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KASHMIR’S MARTAND SUN TEMPLE: INTRIGUING RUINS OF A LOST DYNASTY
India
by Priya Florence Shah

In early November 2011, I was fortunate to go on a 10-day trip to Kashmir, a state at the very north of India, that has since been overrun by terrorism and violence.

During our visit, our Kashmiri guide, Parvaiz bhai, took us way off the usual tourist route to see some gems of Kashmiri architecture that very few people get to see. One of these was the Martand Sun Temple that lies 8 kilometers (5 miles) from Anantnag.

Martand is another Sanskrit name for the Hindu Sun-god, Surya. It was built during the 8th century A.D. by the third ruler of the Karkota Dynasty, Lalitaditya Muktapida, and destroyed by Sultan Sikandar Butshikan in the early 15th century.

Now only the ruins remain to tell the story of this excellent specimen of Kashmiri architecture, blended into the Gandharan, Gupta, Chinese, Roman, Syrian-Byzantine and Greek forms of architecture.

Situated on top of a plateau, one can view whole of the Kashmir Valley from this temple. The courtyard has a primary shrine in its center and is surrounded by 84 smaller shrines, incorporating a smaller temple that was previously built.

According to Wikipedia, the primary shrine is located in a centralized structure (the temple proper) that is thought to have had a pyramidal top - a common feature of the temples in Kashmir.

A number of wall carvings in the antechamber of the temple proper depict other gods, such as Vishnu, and river goddesses, such as Ganga and Yamuna, in addition to the sun god Surya.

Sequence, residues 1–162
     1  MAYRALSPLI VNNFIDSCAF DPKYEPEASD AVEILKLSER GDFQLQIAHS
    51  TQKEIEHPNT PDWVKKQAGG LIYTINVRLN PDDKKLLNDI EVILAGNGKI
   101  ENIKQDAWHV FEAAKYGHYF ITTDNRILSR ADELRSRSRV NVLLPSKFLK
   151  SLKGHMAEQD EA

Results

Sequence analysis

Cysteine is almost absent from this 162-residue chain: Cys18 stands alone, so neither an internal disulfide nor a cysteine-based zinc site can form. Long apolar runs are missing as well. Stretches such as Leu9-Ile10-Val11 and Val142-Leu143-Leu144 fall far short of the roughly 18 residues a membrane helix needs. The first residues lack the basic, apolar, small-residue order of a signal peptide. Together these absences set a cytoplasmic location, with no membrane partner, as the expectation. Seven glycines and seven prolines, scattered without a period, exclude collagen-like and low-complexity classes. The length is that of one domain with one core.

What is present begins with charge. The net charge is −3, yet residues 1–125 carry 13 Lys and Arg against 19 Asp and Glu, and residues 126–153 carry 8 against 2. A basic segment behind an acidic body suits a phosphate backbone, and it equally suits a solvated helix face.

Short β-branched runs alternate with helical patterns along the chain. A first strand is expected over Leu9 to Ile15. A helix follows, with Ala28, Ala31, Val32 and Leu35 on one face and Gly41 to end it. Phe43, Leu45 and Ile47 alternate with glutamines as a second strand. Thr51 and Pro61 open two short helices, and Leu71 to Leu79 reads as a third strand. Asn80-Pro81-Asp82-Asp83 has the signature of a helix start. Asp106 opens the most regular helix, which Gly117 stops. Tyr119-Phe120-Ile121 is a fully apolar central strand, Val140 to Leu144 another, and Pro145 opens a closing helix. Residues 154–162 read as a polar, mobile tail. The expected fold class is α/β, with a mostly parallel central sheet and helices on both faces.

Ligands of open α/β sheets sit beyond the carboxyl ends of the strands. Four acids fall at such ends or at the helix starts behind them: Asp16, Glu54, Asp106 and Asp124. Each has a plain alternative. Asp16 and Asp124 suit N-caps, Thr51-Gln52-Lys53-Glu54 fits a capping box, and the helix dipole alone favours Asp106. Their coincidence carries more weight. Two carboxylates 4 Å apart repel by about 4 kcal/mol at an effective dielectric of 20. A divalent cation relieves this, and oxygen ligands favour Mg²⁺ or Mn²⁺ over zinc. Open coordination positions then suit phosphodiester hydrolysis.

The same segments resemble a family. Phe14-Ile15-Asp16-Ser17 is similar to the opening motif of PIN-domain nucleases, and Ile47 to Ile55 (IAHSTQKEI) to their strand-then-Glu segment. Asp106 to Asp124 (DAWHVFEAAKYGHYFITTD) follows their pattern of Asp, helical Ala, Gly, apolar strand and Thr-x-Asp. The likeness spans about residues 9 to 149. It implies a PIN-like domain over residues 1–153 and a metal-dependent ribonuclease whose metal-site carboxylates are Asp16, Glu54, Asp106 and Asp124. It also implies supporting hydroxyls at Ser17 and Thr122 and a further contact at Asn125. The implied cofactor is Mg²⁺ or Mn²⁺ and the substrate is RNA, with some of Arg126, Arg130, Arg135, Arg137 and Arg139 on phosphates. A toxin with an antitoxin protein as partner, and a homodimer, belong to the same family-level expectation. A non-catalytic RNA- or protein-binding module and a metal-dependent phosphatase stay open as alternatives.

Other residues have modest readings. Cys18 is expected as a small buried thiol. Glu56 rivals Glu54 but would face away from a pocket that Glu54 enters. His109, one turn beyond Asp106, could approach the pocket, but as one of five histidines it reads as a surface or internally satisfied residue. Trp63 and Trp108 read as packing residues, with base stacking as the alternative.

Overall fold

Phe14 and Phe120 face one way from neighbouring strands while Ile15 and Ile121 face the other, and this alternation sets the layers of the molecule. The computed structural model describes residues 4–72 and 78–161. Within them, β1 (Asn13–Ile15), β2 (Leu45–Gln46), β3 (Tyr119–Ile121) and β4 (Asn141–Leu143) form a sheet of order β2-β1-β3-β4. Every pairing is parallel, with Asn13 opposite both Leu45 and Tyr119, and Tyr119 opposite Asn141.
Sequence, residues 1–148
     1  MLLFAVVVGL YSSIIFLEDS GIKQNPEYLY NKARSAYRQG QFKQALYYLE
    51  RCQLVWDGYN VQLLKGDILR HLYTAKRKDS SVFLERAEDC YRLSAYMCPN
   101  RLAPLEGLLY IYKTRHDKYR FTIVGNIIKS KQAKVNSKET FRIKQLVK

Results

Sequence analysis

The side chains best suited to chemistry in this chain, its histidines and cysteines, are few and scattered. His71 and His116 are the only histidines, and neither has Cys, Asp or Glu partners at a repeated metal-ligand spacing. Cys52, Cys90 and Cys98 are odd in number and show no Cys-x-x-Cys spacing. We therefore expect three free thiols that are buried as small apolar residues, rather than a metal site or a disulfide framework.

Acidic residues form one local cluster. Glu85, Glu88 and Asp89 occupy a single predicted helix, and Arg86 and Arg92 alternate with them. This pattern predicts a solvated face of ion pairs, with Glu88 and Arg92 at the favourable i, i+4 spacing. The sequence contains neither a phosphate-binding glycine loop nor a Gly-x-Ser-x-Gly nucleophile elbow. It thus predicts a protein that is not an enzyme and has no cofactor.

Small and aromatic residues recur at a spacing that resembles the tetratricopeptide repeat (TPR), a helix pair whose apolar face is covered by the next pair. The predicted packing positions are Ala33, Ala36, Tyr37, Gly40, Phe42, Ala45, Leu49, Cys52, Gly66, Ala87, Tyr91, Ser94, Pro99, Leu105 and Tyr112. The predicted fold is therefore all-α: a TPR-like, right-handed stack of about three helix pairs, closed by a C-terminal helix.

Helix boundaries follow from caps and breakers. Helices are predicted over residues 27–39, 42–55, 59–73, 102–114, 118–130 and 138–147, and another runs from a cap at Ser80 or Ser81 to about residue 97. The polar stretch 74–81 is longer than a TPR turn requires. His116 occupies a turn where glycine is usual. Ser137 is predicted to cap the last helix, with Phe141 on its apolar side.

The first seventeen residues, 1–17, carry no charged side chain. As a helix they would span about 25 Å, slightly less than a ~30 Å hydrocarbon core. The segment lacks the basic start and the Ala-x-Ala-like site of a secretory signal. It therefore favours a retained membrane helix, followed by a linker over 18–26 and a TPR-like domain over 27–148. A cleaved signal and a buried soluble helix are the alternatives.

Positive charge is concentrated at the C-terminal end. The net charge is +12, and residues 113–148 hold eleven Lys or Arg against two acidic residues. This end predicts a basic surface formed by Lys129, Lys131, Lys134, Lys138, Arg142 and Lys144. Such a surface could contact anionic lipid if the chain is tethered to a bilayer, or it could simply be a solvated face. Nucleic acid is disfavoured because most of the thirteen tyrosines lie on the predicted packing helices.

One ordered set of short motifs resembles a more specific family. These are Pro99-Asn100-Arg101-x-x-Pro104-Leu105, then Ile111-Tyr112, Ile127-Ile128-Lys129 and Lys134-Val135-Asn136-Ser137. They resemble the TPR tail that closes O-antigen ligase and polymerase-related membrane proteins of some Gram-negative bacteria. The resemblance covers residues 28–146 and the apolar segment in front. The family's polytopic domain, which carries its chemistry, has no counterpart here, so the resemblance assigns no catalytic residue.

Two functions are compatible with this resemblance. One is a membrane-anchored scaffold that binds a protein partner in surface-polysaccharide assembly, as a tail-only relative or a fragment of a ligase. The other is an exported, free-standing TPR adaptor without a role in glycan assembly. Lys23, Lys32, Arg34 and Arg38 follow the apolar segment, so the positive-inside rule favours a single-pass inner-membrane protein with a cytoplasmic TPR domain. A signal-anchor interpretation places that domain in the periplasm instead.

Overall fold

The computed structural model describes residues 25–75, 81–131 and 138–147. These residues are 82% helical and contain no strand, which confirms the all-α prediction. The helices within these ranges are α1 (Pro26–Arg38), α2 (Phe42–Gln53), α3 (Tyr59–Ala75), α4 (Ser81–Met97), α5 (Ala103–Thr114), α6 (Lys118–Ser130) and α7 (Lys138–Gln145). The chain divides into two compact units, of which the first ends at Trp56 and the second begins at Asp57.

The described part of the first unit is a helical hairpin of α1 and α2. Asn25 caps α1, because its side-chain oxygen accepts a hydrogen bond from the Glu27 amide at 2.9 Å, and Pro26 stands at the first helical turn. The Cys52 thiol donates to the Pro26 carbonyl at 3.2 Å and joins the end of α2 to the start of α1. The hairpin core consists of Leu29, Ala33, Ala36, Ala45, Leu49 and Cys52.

Myriad other carvings, like this one depicting a lone musician playing the flute, can be found among them.

In a straight line from the central shrine, was a carving of what looked like a flower, but is more likely the sun.

Strangely, this feature is no longer visible in any of the later images of the Martand Sun temple online. Was it destroyed or stolen by vandals? I would really love to know what happened to it.

Another carving that I have not seen anywhere else online is a Shivling (Shiva Lingam depicting Lord Shiva’s male organ) with a reddish, barely visible Sanskrit symbol of ‘Om’ painted on it long ago, that lies forlornly in the lawns of the ruins. Shivlings are worshipped all over India as a sacred Hindu symbol of creation.

There are some more fascinating relics of the ancient civilization that built the temple, like this motif displaying the ancient Sarada script.

Although the Martand Sun Temple is a site of national importance and appears in the list of centrally protected monuments as Martanda (Sun Temple), these relics of a lost dynasty are lying in ruin today and there seems to be no motivation to restore them.

The last time the Martand Sun temple was in the news was as the backdrop for the song Bismil from the Bollywood movie, Haider, in which it was controversially shown as a place of evil.

As a lover of ancient ruins and architecture, I considered myself lucky to get an unblemished view of this striking example of Kashmiri architecture at a time when the valley was still relatively peaceful and tourism was flourishing.  


If You Go:

Trip Planner:

www.inspirock.com/india/kashmir-trip-planner?utm_source=bing&utm_medium=cpc&utm_campaign=Bing_Search_Locations&msclkid=ddc57cf7995416354c8b276d52858d6d


Photographs:

All photographs are © Priya Florence Shah

  1. Primary Shrine of Martand Sun Temple Kashmir
  2. Greek style pillars line the smaller shrines surrounding the courtyard
  3. Hindu god and goddess carved into the walls
  4. Carving of sun in the floor of the temple


Contributor's Bio:

Priya Florence Shah is a former journalist and publisher of Naaree.com , one of the top 100 women’s blogs in the world. Her travel blog, AhoyMatey.blog, showcases her love for the planet and its wildlife through responsible and eco-friendly travel.

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